In a little under 2 weeks I’ll be running the Ottawa Marathon. When I tell people this, the response is often a quick, surprised once-over. I know, I don’t look like a marathon runner, okay. I don’t look like someone who’s regular weekend workout easily burns 1500 calories. I’m a curvy lady, and to my initial disappointment and eventual acceptance, marathon training hasn’t changed that.
My Dad, who is a long-time marathon runner, once said, “Some people run like deer. And that’s great. But we are not of that stock. We run like plough horses.” Not super flattering, but true. One foot in front of the other, no speed, all endurance. When I barely ploughed through the Winterman 5k two years ago I didn’t think I would go much farther than that. But sure enough, I put one foot in front of the other so persistently that I’m going to plough through 42k this year.
This training has turned into a meditation on artistic discipline. In that too, I am not a sprinter. I don’t get struck by sudden and overwhelming bouts of inspired binge-writing. Sometimes I doubt whether I’m really a writer, just like I doubt if I’m really a runner. I get sucked into the mythology of the writer as a crazed romantic who spews polished work on the regular.
I recently picked up the book Daily Rituals: How Artists Work edited and with text by Mason Currey, at Drawn & Quarterly. It’s filled with the daily rituals of famous artists of all stripes, from Ingmar Bergman to Toni Morrison to Carl Jung. It’s fascinating (and comforting) to read how the majority of these artists live a life that is simple and habitual, with many of them sticking almost obsessively to their routines. A theme that comes up over and over is how the body and mind must be trained to create. As Chuck Close says, “Inspiration is for amateurs. The rest of us just show up and get to work.”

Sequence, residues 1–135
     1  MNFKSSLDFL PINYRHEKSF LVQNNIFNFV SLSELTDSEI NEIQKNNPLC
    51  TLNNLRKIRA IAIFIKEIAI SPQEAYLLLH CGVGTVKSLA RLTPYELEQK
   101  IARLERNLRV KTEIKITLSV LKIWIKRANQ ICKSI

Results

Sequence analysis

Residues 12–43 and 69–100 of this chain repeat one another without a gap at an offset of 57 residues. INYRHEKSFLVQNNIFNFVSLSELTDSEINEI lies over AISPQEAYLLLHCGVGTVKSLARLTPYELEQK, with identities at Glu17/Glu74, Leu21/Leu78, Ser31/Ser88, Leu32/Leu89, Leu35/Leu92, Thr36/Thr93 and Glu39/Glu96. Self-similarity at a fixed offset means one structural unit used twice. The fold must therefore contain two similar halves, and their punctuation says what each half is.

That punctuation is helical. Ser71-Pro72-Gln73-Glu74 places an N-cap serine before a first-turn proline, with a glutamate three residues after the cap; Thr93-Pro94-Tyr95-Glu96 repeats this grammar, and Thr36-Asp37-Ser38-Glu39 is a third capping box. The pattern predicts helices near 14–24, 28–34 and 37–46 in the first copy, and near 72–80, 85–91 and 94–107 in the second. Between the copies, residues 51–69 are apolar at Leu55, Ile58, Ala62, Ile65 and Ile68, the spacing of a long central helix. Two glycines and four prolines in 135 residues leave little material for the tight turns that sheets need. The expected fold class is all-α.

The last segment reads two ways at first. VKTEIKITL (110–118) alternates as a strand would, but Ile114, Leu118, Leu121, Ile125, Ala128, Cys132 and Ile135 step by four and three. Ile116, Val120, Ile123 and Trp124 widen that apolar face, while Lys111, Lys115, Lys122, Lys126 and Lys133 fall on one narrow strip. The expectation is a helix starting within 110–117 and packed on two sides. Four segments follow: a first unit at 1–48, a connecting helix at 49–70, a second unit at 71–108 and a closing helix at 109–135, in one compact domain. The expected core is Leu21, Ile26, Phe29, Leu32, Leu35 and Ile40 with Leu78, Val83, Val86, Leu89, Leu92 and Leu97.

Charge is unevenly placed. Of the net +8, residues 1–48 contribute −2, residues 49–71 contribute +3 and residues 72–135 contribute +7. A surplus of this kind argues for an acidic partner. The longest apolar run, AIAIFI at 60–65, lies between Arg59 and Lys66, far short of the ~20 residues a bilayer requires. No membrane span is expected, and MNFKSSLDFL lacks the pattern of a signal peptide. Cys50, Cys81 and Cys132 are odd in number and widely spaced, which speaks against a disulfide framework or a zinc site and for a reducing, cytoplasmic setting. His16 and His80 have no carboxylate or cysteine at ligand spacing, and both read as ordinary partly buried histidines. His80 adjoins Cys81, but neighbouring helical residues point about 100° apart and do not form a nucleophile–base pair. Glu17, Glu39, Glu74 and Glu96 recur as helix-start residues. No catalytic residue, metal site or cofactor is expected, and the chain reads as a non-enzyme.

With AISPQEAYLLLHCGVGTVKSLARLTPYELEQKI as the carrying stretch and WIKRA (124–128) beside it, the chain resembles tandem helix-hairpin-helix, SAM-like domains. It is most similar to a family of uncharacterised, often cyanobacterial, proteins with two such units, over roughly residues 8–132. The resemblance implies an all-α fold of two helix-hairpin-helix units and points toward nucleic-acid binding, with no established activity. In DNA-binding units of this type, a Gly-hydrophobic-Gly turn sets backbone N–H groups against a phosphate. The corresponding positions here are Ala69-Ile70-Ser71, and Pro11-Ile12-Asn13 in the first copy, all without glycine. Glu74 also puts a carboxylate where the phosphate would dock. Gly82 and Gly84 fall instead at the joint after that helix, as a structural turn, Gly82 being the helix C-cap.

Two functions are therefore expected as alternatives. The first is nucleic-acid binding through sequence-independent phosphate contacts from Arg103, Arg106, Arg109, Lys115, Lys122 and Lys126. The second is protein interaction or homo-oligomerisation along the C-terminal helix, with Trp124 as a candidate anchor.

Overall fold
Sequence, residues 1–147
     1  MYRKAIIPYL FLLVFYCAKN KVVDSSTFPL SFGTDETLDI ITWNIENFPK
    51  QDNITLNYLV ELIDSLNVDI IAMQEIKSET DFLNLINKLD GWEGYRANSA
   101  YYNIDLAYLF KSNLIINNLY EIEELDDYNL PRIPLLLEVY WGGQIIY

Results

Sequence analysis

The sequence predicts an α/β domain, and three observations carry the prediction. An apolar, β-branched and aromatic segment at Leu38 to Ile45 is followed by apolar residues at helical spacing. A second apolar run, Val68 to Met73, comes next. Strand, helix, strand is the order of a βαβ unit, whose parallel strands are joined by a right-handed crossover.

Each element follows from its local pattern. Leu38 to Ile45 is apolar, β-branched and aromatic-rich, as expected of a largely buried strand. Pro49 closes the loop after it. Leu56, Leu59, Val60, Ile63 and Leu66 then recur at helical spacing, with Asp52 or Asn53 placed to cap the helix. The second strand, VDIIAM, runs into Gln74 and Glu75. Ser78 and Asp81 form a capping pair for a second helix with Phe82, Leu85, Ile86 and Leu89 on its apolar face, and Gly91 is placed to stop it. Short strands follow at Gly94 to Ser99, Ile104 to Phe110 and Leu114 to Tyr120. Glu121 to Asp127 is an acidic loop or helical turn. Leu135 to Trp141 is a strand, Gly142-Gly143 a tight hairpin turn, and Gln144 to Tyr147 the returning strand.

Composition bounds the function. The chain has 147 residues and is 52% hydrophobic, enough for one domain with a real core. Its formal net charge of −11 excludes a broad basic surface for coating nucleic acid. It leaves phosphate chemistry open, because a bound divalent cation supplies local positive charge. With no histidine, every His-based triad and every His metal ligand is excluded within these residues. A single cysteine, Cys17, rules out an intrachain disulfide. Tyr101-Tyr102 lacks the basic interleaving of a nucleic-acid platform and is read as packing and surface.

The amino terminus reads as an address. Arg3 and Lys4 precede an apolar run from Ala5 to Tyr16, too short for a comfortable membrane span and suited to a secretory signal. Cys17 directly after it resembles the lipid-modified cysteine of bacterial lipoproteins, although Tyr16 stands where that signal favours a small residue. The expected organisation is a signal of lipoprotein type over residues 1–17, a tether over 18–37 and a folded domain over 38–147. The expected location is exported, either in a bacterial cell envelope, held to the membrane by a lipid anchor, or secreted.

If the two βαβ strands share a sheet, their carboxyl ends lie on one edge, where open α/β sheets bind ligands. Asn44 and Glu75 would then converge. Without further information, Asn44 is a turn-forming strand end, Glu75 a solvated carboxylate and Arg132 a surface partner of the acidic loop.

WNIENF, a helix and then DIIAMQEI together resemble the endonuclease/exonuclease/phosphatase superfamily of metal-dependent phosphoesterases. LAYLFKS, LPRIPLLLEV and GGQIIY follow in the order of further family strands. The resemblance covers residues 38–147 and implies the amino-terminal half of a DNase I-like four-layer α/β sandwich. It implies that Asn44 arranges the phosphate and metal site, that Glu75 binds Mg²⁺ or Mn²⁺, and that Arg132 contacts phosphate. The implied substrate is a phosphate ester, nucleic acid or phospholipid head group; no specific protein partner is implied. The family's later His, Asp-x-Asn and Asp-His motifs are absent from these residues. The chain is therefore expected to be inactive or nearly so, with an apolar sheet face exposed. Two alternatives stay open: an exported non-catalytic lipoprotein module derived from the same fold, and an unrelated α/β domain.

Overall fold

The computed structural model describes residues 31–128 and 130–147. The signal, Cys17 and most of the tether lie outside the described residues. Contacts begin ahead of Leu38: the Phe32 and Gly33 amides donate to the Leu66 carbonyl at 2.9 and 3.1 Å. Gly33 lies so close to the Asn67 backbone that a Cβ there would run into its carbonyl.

This echoes Anna Deavere Smith, a theatrical hero of mine, in her book Letters to a Young Artist: Straight-Up Advice on Making a Life in the Arts. Deavere Smith has made a habit of swimming laps every single morning, as well as practicing her art every day. She says, “Most important is the health and strength of your imagination, which must thrive. Clear away all obstacles and doubts… Remember my swimming metaphor: Just get in and swim your laps. Build your stamina. You will need it.”
Running for me is about just getting out and hitting the pavement, and I’m learning to do the same with my writing: just sitting down and writing, putting in time. If I’m sitting around chewing over whether I’m a real writer or a real runner, I’m not either of these things. I’m a runner if I’m running. I’m a writer if I’m writing. Just run. Just write. The question of whether I’m a good writer is a moot point until the work has been done, and it has no place in the creation process.
What I didn’t know until running is the paradox that stamina creates freedom. The time spent pounding one foot in front of the other for 20 painful kilometres has created a body that can go out on a beautiful spring evening and fly along, feeling the animal joy of running. The time spent making sure I write through hours of anxious doldrums creates space for those moments when an inspired idea hits, and gives me the skill to joyfully take the idea for a ride, riffing on the possibilities.
And in between those moments, it’s one foot in front of the other. No speed, all endurance, playing the long game, sheer persistence.